Ars Poetica
A Postmodern Parable
5.5 x 8.5, 296 pp.
Pub Date: 06/02/2003
Price:        $16.95


Published by Texas Review Press

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Ars Poetica

A Postmodern Parable

By Clay Reynolds

In the caveat to this irreverent and hilarious satire, Clay Reynolds writes, “No poet writing today could be this lucky, this tragic, this infamous. Indeed, it wouldn’t be tolerated.” No, one will have to admit, it wouldn’t. Offered in the same vein as Jane Smiley’s Moo and Richard Russo’s Straight Man, Reynolds’s Ars Poetica explores the life of a modern-day Don Juan, a hedonistically ambitious poetaster of our own times, a self-styled Lothario, but, as the tragicomedy ultimately reveals, a man who ultimately discovers that he has more in common with Coleridge’s mariner than with any swashbuckling versifier of old.

At times a light-hearted romp through the wasteland world of contemporary creative writing where only the phony seem to survive and prosper, at times a vicious attack on the hypocrisy of political correctness and contemporary sexual mores, and at times a sordid slog through the back alleys of a single soul’s despair, Ars Poetica evolves as a parable of a passionate poet in a postmodern world, one fraught with the perils of pretense and one that offers meaningful achievement only at the price of the poetic soul.

CLAY REYNOLDS has written six previous novels, including The Vigil, Franklin’s Crossing (Pulitzer Prize entrant and Violet Crown winner) and Players and Monuments (Spur finalist and also a Violet Crown winner). His most recent book is The Tentmaker. A professional editor and consultant, Reynolds is author of more than seven hundred publications ranging from nonfiction books to short fiction to book reviews and scholarly articles. An NEA Fellow, he is a member of the Texas Institute of Letters and presently serves as professor and associate dean for arts and humanities at the University of Texas at Dallas.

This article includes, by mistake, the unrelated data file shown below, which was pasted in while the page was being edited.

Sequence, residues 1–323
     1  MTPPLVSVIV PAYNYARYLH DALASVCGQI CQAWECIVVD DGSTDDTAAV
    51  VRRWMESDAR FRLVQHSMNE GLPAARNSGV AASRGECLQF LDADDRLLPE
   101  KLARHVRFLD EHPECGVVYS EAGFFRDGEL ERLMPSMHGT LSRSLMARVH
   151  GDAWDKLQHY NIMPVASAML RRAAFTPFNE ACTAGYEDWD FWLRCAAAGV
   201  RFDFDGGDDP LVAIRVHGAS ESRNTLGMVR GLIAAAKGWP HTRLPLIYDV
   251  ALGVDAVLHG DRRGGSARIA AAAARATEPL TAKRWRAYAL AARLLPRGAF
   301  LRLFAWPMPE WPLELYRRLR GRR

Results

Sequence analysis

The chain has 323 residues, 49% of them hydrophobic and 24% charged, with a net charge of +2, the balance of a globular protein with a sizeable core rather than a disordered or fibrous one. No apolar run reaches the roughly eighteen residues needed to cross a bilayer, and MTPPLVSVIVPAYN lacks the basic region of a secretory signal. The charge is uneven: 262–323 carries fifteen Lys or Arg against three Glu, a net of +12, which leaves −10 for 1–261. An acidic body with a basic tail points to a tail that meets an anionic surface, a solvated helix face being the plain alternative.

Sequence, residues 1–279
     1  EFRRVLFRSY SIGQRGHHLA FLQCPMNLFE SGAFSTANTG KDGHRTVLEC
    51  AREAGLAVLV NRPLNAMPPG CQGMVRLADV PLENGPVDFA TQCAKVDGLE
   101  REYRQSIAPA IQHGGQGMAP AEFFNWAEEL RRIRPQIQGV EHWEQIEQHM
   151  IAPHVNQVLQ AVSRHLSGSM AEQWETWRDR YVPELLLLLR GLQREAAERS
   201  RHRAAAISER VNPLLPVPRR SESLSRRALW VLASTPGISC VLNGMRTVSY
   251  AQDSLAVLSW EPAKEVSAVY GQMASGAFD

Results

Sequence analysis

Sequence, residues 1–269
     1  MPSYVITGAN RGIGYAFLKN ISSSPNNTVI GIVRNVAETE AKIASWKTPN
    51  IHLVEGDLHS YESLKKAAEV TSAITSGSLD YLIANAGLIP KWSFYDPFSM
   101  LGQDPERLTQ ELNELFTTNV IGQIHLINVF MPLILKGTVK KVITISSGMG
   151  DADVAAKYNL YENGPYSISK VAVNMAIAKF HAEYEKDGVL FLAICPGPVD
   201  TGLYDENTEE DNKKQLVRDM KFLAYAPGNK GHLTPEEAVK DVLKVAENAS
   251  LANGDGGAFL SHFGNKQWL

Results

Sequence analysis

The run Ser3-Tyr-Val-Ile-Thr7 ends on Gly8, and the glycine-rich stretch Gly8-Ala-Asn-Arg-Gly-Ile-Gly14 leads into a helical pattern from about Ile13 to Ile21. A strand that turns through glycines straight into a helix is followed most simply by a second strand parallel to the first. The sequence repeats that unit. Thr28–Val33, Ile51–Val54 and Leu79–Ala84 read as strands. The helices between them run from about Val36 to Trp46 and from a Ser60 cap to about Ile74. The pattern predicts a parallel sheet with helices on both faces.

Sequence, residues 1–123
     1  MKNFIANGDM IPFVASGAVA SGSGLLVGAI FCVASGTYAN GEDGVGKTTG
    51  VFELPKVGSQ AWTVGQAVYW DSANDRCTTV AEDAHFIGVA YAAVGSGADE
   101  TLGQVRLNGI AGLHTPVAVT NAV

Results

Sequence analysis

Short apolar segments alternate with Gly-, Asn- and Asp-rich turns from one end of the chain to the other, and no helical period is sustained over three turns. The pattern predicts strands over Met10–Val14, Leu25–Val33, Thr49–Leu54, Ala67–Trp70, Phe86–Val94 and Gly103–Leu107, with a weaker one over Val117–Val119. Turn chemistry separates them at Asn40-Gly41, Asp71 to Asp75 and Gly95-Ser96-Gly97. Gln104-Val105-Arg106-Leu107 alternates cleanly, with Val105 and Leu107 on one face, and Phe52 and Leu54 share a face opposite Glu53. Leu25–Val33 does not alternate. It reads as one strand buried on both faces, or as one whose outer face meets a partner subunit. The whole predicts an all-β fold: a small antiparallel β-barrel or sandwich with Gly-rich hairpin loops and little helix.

What Readers Are Saying:

“In the grand tradition of raging misanthropic poets (from Aristophanes to Robert Frost), the protagonist of Ars Poetica is a character who spares no one from his pitiless scrutiny. In this masterfully told tale of an aging poet who finally turns his back on the system that he feels failed him, Clay Reynolds gives us a story to remember.” --George Garrett

“Clay Reynolds’ Ars Poetica kept me up to three A.M. two nights in a row as I raced through this hilarious satire of the academic world and the power of poetry to ruin a life and redeem it. The book also kept my wife up to three both nights because I kept laughing out loud and waking her up. And once she was awake, I read passages of the book to her so she could laugh with me.” --Andrew Hudgins

“In the title Ars Poetica, Clay Reynolds has taken irony to a new level of dignity and comic outrage, and the story—marvelously consistent in tone, as if we were hearing it in a stalled elevator— has the haunting feel of an unforgettable fairytale for adults. It’s a dark joy.” --Miller Williams


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